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Formatting U.S dates
Davo1977

5+ Year Member



 
Msg#: 3715605 posted 12:31 pm on Aug 5, 2008 (gmt 0)

This is an exercise i have discovered in a book and would like to find an answer for a better understanding of Perl Regular Expressions.

The question simply wants me to demonstrate changing different date formats into one one format. To change 3/1/2004 or 3.1.2004 into 3-1-2004.

I believe the date 3-1-2003 matches the following code -

$date =~ /^(0[1-9]1[012])[- /.](0[1-9][12][0-9]3[01])[- /.](1920)\d\d

But i need to use the substitution operator to replace the following dates from 3/1/2004 to 3-1-2004.

Anyone with some suggestions please?

regards
Dave

 

perl_diver

5+ Year Member



 
Msg#: 3715605 posted 4:30 pm on Aug 5, 2008 (gmt 0)

it depends on if the string is only the date or if there is more text in the string.

if there is more text in the string:



$date =~ s/(\d+)[/.](\d+)[/.](\d+)/$1-$2-$3/g;

only the date:



$date =~ tr#/.#-#;


rocknbil

WebmasterWorld Senior Member rocknbil us a WebmasterWorld Top Contributor of All Time 10+ Year Member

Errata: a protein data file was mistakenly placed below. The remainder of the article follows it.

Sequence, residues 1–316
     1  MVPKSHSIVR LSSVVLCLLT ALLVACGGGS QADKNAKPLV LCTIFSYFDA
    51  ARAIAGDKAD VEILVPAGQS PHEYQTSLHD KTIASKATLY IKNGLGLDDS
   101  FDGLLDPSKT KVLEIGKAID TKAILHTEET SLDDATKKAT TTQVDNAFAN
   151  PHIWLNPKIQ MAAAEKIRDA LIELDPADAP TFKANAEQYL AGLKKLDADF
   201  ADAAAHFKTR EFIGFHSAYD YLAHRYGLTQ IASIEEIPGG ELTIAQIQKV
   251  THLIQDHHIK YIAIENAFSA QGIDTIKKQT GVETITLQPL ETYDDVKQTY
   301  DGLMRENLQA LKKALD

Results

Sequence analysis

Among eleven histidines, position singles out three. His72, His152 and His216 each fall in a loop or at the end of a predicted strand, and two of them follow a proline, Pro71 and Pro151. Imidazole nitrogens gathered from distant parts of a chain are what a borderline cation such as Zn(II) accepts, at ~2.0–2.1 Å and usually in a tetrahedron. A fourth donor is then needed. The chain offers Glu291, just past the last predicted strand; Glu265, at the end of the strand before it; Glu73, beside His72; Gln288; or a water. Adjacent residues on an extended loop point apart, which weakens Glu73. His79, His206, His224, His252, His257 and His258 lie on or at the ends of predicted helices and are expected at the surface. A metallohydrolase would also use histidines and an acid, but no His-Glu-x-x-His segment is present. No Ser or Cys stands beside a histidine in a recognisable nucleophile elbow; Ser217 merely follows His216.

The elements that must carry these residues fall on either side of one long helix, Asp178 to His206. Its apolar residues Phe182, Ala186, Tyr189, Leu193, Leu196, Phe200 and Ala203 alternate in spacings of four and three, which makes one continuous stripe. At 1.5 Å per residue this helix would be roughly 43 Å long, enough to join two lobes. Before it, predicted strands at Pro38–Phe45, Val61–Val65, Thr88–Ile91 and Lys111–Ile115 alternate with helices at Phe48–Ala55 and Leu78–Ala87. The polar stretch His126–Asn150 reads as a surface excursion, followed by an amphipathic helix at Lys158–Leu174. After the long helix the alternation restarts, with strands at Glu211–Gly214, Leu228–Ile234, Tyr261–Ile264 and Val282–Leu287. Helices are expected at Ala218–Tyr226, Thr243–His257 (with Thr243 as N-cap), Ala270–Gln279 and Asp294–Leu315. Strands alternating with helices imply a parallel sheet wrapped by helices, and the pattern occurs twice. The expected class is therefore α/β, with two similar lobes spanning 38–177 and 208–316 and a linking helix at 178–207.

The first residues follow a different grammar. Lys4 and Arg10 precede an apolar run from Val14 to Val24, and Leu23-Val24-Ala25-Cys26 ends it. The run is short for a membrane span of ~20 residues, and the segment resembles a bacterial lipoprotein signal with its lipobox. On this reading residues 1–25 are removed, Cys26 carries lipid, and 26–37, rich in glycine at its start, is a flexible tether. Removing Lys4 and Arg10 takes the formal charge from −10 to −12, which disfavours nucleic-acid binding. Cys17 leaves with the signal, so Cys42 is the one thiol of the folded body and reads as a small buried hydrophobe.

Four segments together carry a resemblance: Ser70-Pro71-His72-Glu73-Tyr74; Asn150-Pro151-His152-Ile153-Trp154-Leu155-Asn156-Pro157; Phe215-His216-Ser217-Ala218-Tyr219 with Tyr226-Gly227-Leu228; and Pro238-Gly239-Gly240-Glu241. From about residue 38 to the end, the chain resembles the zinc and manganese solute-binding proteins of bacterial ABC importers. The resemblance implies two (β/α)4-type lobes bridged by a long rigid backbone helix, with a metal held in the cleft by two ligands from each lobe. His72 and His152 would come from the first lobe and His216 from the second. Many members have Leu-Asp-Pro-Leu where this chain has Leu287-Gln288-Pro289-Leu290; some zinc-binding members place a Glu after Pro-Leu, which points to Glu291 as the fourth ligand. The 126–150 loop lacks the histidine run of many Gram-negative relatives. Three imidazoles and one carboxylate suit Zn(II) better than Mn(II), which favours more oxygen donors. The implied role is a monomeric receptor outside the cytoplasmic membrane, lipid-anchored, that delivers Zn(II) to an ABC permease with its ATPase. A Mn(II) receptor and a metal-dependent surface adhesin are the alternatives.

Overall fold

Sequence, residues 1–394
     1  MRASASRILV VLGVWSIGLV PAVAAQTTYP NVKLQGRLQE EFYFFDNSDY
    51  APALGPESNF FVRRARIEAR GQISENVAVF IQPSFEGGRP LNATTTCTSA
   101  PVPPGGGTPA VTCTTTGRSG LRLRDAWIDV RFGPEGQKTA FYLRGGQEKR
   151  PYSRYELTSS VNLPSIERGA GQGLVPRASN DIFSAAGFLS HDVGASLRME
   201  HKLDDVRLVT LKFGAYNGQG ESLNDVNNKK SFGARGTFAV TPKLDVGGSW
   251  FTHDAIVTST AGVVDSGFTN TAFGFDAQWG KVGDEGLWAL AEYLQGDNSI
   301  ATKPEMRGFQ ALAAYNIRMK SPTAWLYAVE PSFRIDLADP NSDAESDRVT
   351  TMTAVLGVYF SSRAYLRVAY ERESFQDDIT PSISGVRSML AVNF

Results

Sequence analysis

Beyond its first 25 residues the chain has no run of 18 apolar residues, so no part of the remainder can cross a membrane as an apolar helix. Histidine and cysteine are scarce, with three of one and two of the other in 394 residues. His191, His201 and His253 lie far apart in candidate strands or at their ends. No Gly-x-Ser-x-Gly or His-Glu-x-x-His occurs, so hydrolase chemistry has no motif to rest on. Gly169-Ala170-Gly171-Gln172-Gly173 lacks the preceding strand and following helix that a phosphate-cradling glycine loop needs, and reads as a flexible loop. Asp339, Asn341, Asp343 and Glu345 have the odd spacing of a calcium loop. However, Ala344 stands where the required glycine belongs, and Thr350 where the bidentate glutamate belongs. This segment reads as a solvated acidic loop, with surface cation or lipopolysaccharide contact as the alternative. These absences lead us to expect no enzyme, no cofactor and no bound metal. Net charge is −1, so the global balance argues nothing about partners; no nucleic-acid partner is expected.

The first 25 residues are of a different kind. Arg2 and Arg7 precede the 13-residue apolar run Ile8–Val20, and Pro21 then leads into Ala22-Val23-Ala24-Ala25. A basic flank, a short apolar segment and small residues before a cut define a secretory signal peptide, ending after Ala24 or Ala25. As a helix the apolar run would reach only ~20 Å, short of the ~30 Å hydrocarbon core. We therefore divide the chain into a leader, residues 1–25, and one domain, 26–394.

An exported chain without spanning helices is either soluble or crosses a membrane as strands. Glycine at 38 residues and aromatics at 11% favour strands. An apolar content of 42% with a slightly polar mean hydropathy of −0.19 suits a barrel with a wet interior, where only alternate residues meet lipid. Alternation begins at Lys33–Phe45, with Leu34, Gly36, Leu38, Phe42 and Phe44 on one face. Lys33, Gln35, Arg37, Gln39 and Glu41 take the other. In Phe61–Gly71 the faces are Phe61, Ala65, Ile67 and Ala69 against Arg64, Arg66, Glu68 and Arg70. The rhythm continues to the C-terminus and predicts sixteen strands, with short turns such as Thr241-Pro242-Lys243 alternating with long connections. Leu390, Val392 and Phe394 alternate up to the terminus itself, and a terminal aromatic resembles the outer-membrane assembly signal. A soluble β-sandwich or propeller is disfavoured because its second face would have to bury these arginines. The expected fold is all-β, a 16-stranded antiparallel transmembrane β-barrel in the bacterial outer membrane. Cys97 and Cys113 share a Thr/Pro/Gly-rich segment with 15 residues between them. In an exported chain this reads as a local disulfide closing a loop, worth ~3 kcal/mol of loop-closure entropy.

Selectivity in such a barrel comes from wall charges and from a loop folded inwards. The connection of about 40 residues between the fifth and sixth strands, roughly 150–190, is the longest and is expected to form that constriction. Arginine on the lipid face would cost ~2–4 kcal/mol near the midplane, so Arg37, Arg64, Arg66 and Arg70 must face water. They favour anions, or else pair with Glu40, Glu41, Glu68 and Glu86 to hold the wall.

Msg#: 3715605 posted 5:51 pm on Aug 5, 2008 (gmt 0)

Except you need to escape the slashes or it gives you an unmatched [ error:

$date =~ s/(\d+)[\/.](\d+)[\/.](\d+)/$1-$2-$3/g;

A dissection of perl diver's code, I've added an x modifier to allow the comments and white space.


#!/usr/bin/perl
$date = '08/05/2008';
print "before $date\n";
#$date =~ s/(\d+)[\/.](\d+)[\/.](\d+)/$1-$2-$3/g;
$date =~ s/ # substitute this match . . .
(\d+) # one or more (+) of any digit. Store this value in $1
[\/.] # followed by ONE slash or dot
(\d+) # followed by one or more digits, store in $2
[\/.] # followed by another slash or dot
(\d+) # followed by one or more digits, store in $3
/$1-$2-$3/gx; # replace with this. Note you can also do $3-$1-$2
# Apply globally (g), allow white space and comments(x)
print "after $date\n";

perl_diver

5+ Year Member



 
Msg#: 3715605 posted 6:51 pm on Aug 5, 2008 (gmt 0)

Except you need to escape the slashes or it gives you an unmatched [ error

oops.... thanks.

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